Image source: Flickr user 

While many companies' shares are rising past their fair values now, others are trading at potentially bargain prices. The difficulty with bargain shopping, though, is that you may be understandably hesitant to buy stocks wallowing at 52-week lows. In an effort to separate the rebound candidates from the laggards, it makes sense to start by determining whether the market has overreacted to a company's bad news.

Here's a look at three fallen angels trading near their 52-week lows that could be worth buying.

A prescription for growth
What better place to start our search for value stocks this week than by turning to Albany Molecular Research (NASDAQ:AMRI) in the healthcare sector.

Albany Molecular Research provides a number of contracted services to biotech, Big Pharma, and government institutions, which can include drug discovery tools and analytic chemistry services, active pharmaceutical ingredient (API) manufacturing services, and drug formulation development. The big reason its share price has been in an almost straight downward spiral since the beginning of the year relates to the deflation of valuations throughout the biotech industry. There are clear worries that with valuations falling, contracting service companies like Albany Molecular could see slowing growth.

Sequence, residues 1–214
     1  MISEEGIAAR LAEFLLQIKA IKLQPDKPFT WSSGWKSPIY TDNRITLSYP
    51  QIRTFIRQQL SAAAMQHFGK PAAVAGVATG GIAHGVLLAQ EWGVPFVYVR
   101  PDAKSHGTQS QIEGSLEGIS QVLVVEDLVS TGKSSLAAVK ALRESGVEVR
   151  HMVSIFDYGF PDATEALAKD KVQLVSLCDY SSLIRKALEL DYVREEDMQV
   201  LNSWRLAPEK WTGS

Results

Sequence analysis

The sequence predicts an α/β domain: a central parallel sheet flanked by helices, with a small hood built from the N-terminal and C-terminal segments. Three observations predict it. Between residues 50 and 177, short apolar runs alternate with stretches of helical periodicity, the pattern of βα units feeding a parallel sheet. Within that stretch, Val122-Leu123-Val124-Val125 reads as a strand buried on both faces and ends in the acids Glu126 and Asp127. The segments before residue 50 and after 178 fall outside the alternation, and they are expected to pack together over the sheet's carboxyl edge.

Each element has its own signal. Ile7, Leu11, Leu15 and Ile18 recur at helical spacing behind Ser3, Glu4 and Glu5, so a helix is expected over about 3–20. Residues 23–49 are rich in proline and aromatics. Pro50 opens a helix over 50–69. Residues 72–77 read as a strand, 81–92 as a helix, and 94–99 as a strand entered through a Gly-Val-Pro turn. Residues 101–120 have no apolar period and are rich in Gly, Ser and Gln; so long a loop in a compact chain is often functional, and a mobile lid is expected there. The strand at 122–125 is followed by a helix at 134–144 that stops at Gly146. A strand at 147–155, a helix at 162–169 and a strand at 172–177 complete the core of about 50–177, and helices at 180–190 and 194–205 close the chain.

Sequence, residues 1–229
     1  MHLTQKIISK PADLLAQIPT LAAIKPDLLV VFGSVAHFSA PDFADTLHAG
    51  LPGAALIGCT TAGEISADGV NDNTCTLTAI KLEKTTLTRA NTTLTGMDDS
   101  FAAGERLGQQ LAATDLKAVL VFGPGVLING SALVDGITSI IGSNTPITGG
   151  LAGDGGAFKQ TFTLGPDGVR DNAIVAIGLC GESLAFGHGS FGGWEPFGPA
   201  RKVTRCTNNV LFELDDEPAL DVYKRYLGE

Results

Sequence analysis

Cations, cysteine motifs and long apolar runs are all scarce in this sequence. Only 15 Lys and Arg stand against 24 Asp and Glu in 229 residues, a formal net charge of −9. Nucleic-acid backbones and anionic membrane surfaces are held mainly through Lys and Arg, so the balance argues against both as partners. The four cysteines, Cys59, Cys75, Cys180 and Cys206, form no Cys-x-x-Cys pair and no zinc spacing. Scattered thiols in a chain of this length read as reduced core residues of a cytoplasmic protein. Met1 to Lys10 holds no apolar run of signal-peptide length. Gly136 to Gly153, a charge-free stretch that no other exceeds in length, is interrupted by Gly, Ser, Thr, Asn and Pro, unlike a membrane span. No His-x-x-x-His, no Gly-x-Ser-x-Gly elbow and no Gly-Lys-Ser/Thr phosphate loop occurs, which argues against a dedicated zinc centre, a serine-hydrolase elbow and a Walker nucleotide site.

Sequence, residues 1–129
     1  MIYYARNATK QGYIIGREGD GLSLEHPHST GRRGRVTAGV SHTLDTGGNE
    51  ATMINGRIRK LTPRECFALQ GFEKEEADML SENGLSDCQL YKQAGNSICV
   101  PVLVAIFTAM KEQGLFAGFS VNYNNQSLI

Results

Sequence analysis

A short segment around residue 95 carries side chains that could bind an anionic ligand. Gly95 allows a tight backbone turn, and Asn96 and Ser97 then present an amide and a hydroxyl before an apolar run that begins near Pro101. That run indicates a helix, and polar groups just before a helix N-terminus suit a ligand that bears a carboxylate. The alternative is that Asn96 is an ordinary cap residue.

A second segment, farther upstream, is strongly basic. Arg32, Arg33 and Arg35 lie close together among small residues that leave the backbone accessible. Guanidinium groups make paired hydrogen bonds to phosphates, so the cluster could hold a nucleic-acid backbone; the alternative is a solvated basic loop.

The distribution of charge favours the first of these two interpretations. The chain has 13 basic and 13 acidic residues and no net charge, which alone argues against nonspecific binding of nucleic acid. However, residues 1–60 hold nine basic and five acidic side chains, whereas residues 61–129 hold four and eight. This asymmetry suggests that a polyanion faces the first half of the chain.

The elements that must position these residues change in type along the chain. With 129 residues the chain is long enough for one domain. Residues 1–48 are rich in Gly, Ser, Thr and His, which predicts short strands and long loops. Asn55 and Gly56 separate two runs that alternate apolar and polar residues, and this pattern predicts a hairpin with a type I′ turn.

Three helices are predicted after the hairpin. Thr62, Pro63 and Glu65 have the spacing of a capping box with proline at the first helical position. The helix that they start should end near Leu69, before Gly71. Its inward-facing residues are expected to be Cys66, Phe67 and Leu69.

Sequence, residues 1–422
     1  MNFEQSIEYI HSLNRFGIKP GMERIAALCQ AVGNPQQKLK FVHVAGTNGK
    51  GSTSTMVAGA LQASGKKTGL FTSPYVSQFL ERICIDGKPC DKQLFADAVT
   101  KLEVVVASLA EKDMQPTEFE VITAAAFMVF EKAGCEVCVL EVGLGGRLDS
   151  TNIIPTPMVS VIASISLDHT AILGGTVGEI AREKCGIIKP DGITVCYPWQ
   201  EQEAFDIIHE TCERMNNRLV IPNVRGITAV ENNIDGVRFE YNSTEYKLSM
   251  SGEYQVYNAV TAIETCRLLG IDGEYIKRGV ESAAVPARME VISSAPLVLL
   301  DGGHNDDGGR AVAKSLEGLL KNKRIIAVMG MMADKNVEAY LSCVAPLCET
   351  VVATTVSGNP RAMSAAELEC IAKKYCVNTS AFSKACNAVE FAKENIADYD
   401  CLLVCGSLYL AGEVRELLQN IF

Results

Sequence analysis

Image source: Centers for Disease Control and Prevention. 

However, Albany Molecular's results suggest continued strong growth despite the recent hiccup in biotech. Albany Molecular's approach to grow both organically and through acquisitions is allowing it to dramatically improve its top-line, while rapidly diversifying its customer base and business services offered to drug developers and researchers.

Just last year, Albany Molecular Research gobbled up a manufacturing facility in Glasgow, Gadea Pharmaceutical, which boosted its specialty and generic API offerings, and SSCI, a drug product development unit that helps solve substance and formulation challenges. Relying on organic demand growth for manufacturing and analytical solutions, while also leaning on these acquisitions, helped push revenue up by 45% in fiscal 2015 to $402.3 million.

Taking into account Albany Molecular Research's expected double-digit percentage sales growth and its forward P/E of just 13, this looks like a value stock that could be too inexpensive to pass up.

Bank on this
Next up we have the "most interesting bank in America," as my bank-inspired Foolish colleague John Maxfield dubbed Bank of New York Mellon (NYSE:BK) in October.

The Bank of New York Mellon has been whacked with other financial stocks in recent months on fears of a global slowdown in growth. A higher risk of recession potentially endangers interest-based, and, to a lesser degree, noninterest income potential. Additionally, the threat of a weakening U.S economy could halt the Federal Reserve's plans to steadily raise interest rates, which in turn is disappointing for shareholders looking for an expansion of net interest margin.

Image source: Bank of New York Mellon.

While these aren't concerns to sweep under the rug, they're not exactly a big worry for non-traditional banking entity Bank of New York Mellon, or BNY Mellon for short. BNY Mellon's focus is on high net worth clients, and serving as account custodian for institutional investors. That's a big difference from the bread and butter of deposits and loans that typically makes the banking world go round.